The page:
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The SteelSeries Siberia v2 is one of the venerable old men of the audio landscape. With its suspension headband and solid sound, it’s been a go-to of many players for years and years and years.
This year SteelSeries decided to refresh its entire headset line though, introducing the RAW Prism on the low-end and an updated version of the Elite on the high-end. And smack dab in the middle? The Siberia v3.
To outward appearances, the v3 didn’t change much. This is the same minimalist, floating-headband design that made the v2 such a hit. I’m not a huge fan of the plastic feel of the set, as it comes across a little dainty and low-budget compared to some other offerings. On the other hand, this is the most lightweight headset. Seriously, if you’re the type of person that needs to play games for ten hours at a time there’s no device more comfortable than the v3.
You could also take these out on the street for ten hours at a time, thanks to the unimposing retractable microphone—though I make no claims to the v3’s overall durability and street-readiness. Both the plastic hoops and the floating headband feel fragile, but I didn’t exactly want to test that by dropping it on the floor a bunch of times.
The Siberia design is timeless. It’s one of the classiest headsets on the market, and it’s got the comfort to match. Under the hood SteelSeries made some major changes though, upgrading the drivers to the now-standard 50mm and redesigning the earcups to have more space.
I actually found the earcups a bit too loose now, lacking a firm seal, but that’s a small trade-off if the alternative is a vice-grip on my jaws.
The new earcups also seem to add a bit of echo/distance to sounds, which I found unpleasant. This is especially noticeable in the mid-range. On the plus side, there’s more directionality to sounds on the v3. It’s not “surround sound” enabled, but in terms of stereo headsets this is one of the better ones when it comes to pinpointing movements—for instance, the sound of an alien stalking you through air vents.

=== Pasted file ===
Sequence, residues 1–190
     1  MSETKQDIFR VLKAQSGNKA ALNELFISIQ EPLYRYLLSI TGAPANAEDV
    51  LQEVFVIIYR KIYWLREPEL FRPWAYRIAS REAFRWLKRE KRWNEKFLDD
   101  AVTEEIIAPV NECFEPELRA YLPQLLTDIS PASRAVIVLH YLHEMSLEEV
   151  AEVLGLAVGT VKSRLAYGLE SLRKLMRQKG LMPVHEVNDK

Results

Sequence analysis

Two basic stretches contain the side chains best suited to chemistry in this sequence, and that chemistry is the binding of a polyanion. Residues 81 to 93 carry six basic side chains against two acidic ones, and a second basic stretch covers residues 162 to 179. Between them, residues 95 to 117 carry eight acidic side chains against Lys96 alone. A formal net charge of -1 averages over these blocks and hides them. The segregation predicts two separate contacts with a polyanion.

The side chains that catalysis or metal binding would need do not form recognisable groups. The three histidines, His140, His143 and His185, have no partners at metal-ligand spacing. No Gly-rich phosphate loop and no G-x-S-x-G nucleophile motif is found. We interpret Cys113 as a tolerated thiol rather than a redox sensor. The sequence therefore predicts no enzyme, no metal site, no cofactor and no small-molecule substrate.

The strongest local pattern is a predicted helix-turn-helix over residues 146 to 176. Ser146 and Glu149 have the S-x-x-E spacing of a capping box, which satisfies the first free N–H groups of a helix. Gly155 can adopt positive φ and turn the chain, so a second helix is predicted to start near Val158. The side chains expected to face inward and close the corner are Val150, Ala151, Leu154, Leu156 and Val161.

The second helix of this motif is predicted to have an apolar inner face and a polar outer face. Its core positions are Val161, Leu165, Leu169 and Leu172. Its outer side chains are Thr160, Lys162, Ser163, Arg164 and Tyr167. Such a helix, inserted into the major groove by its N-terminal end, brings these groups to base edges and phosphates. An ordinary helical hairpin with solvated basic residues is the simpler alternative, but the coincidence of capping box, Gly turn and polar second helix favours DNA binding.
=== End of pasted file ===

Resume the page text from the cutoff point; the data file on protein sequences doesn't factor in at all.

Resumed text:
For 50mm drivers, the Siberia v3 is also surprisingly restrained in its bass. Don’t get me wrong, this is still a gaming headset and there’s definitely a bass presence cutting across some of the mids, but compared to something like the Cavimanus this is a decent out-of-the-box sound. The highs actually suffer the most, getting muddled on the top-end and ruining some of the punch of gunshot noises. Music sounds best in sections where the bass cuts out and gives the mids room to breathe.
Unfortunately the v3 doesn’t come with a way to tweak its sound profile, leaving you stuck with what you get out-of-box (unless you routinely tweak your headsets through third-party software). You could shell out another $40 for the v3 Prism and gain access to both EQ and lighting effects, but that’s your call. Personally I’d spend the extra if you’re already committed to buying the v3, since I’d rather have the option to tweak with SteelSeries Engine, but that’s ultimately neither here nor there as far as this review is concerned.
The microphone on the v3 is good—better even than that found in last year’s Siberia Elite. It could do with a bit of a volume boost, and lacking any bass it leaves your voice sounding nasally, but at least everything comes through clear.
My biggest complaint with the v3 is the control options. The v2 came with in-line controls, meaning you could change volume as well as mute/unmute the microphone from a small box on the cable. Since then, SteelSeries has decided that controls built into the headset are the future, and I don’t necessarily disagree.
However, the v3 only features a mute/unmute switch on the headset. There’s no on-the-fly volume control at all, which is a huge pain especially when you’re in the middle of a game. In this respect, the v3 actually feels like a step backward from its predecessor and from similarly-priced competitors.
SteelSeries hasn’t changed much when it comes to the Siberia v3, and maybe the company felt like it didn’t need to. The v2 is still one of the most popular headsets in the entire industry, and the v3 makes modest tweaks without completely upending the formula.
For $100 this is a solid headset with solid sound and extreme comfort undercut by a lack of on-the-fly controls, a middling microphone, and a sound profile that lacks the out-of-the-box tweaking allowed by other similarly-priced competitors. Shell out for the $140 v3 Prism if you want to unlock this headset’s full potential, or maybe check out the cheap-until-they-run-out-of-units Siberia v2.